Attorney General Ashcroft Should Support Continued Funding for DOJ Tobacco Lawsuit

Statement of William V. Corr, Executive Vice President, Campaign for Tobacco-Free Kids

Apr. 25 2001

Washington, DC — During his confirmation hearings before the U.S. Senate in January, Attorney General John Ashcroft stated he had "no predisposition to dismiss" the Department of Justice lawsuit against the tobacco industry and he would review the facts of the case before deciding how to proceed. Now a memo to the Attorney General from the Justice Department's Tobacco Litigation Team makes it clear that if this review continues much longer, it will have the effect of killing the lawsuit by denying the department's lawyers the funding they need to continue the litigation. No decision is a decision to stop the lawsuit.

This is the moment of truth for the Bush Administration: Will they kill the lawsuit with a lengthy review as the tobacco industry wants or will they give the American people their day in court and seek to hold the industry accountable for decades of deception and wrongdoing? The decisions in this case should be based on the law and the facts, not the politics. And the law and the facts argue strongly for continuation of the lawsuit. It would be especially irresponsible to abandon the lawsuit in light of U.S. District Judge Gladys Kessler's ruling in September that the government's racketeering claims against the tobacco industry have sufficient merit to move forward. If these claims are successful, the federal government would be able to recover profits stemming from unlawful tobacco industry activity – potentially billions of dollars – and force changes in the industry's behavior, such as its advertising and marketing practices that impact kids and its deception about the harm caused by its products.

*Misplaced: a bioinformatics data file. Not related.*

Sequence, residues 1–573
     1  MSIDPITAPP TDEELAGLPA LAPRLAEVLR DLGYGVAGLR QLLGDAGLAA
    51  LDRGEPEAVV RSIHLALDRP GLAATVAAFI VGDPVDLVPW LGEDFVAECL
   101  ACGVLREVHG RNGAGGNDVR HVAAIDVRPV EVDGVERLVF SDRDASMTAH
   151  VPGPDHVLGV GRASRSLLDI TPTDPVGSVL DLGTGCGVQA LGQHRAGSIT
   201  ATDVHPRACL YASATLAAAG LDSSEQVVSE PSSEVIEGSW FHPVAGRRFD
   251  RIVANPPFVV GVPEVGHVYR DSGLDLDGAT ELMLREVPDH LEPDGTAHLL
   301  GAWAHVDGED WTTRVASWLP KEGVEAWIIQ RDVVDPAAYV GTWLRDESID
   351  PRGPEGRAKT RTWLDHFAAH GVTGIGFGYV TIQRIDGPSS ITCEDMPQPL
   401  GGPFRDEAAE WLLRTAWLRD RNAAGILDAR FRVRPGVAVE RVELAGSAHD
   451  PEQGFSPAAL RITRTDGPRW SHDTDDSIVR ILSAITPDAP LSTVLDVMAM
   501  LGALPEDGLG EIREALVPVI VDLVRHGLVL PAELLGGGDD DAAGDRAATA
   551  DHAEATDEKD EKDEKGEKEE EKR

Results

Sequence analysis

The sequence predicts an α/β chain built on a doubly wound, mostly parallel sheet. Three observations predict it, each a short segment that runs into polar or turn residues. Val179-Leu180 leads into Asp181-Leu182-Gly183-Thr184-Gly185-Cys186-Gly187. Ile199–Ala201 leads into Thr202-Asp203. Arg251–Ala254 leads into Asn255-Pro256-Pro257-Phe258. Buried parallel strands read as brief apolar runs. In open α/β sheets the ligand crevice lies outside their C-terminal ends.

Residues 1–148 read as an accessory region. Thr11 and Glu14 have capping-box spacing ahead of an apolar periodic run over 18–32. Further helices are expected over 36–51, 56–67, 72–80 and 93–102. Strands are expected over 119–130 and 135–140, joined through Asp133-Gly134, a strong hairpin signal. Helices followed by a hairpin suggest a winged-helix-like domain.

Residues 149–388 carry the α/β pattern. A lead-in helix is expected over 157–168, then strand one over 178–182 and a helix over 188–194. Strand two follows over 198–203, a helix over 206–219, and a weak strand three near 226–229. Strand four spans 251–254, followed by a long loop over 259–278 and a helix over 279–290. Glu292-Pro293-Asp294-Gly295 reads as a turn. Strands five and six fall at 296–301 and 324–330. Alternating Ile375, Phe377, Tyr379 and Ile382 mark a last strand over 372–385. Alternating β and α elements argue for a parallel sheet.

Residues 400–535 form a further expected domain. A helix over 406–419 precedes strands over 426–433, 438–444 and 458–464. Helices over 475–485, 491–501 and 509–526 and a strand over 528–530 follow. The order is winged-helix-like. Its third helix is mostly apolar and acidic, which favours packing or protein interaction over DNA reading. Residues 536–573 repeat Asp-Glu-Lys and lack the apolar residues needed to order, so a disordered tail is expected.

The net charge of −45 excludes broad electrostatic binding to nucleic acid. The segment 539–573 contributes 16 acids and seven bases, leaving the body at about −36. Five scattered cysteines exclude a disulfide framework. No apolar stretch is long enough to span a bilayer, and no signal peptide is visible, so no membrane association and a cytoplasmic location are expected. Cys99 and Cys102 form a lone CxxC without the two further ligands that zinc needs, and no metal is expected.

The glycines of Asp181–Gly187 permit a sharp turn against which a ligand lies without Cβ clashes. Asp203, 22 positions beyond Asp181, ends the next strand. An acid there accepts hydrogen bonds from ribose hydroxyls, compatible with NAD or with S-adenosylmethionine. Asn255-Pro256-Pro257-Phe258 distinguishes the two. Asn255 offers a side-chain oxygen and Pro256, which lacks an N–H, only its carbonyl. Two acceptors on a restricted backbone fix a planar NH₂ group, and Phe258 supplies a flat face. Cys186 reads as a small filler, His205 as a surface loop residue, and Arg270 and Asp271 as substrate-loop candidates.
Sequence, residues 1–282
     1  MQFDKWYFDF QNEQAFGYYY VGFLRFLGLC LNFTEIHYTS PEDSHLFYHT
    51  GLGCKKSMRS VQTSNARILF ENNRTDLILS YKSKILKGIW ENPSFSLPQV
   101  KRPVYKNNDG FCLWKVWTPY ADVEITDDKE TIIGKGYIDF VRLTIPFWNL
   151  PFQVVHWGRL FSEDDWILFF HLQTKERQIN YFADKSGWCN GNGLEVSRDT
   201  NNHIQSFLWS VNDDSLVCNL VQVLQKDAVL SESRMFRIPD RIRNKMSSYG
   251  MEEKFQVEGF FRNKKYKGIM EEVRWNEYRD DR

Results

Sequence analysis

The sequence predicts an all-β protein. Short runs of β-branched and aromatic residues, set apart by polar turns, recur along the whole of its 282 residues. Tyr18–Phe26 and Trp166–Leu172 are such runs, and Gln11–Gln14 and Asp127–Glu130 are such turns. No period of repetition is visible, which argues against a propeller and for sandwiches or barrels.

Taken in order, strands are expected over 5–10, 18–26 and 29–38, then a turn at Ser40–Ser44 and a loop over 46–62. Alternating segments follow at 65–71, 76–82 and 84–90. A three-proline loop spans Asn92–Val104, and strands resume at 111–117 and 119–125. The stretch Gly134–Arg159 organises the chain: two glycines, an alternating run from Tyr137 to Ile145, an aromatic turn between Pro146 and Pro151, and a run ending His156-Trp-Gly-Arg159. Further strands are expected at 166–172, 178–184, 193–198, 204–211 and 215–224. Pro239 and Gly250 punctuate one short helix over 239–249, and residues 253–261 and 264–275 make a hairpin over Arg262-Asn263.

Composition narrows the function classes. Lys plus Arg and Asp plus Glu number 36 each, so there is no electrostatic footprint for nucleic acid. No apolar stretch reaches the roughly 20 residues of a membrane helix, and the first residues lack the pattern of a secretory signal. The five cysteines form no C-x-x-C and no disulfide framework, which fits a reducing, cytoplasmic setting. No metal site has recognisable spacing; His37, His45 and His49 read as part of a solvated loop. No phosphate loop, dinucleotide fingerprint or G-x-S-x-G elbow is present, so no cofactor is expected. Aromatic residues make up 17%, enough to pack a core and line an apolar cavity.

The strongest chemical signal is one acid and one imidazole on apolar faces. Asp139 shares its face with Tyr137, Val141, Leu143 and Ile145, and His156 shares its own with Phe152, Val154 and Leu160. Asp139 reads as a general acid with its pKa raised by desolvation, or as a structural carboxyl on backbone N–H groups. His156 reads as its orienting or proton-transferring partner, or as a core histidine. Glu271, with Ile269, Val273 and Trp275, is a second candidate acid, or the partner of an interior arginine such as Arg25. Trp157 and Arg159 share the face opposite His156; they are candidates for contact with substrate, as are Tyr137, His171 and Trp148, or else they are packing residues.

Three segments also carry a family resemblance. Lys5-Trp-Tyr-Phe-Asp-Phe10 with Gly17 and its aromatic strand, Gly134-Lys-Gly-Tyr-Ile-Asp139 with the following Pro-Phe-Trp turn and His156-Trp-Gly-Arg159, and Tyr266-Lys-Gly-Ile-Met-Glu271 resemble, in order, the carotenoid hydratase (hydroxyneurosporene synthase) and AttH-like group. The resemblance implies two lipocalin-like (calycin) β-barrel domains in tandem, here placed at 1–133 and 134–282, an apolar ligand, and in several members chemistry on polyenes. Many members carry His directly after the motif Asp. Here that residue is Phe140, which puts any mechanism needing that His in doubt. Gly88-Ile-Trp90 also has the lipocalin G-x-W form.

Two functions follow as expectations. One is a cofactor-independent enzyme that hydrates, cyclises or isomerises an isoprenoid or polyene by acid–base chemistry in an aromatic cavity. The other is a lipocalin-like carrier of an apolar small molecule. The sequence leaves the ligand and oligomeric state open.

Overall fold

The federal government has a strong case to make given the overwhelming evidence that the tobacco companies have conspired since the 1950s to defraud and mislead the American people and conceal information about the health effects of smoking. Despite the tobacco companies' claims to the contrary, there is powerful evidence that the industry's harmful behavior continues today. A recent Federal Trade Commission report shows that in 1999, the tobacco industry increased its marketing expenditures by the largest amount ever, reaching a record $8.24 billion – $22.5 million a day or nearly $1 million an hour. This increase came in the first year after the tobacco companies signed the state settlement agreement in which they promised to stop targeting kids, and much of the increase was in ways effective at reaching kids, such as price discounts that make cigarettes cheaper and high visibility store shelf displays. This is not an industry that deserves special legal protection.

The tobacco industry has sought to evade responsibility for its harmful actions with millions of dollars in campaign contributions. During the 2000 election cycle alone, the tobacco industry contributed $8.3 million at the federal level, and one of the industry's top priorities is to kill the DoJ lawsuit. The Administration should reject the industry's efforts to gain special protection and act to protect taxpayers and the public health instead. Attorney General Ashcroft is scheduled to testify Thursday before the Senate Commerce-Justice-State Appropriations Committee. We urge him to make clear at that time that the Administration will continue this lawsuit, seek the funding that the Justice Department's attorneys say they need, and by so doing, act to protect America's children.

 

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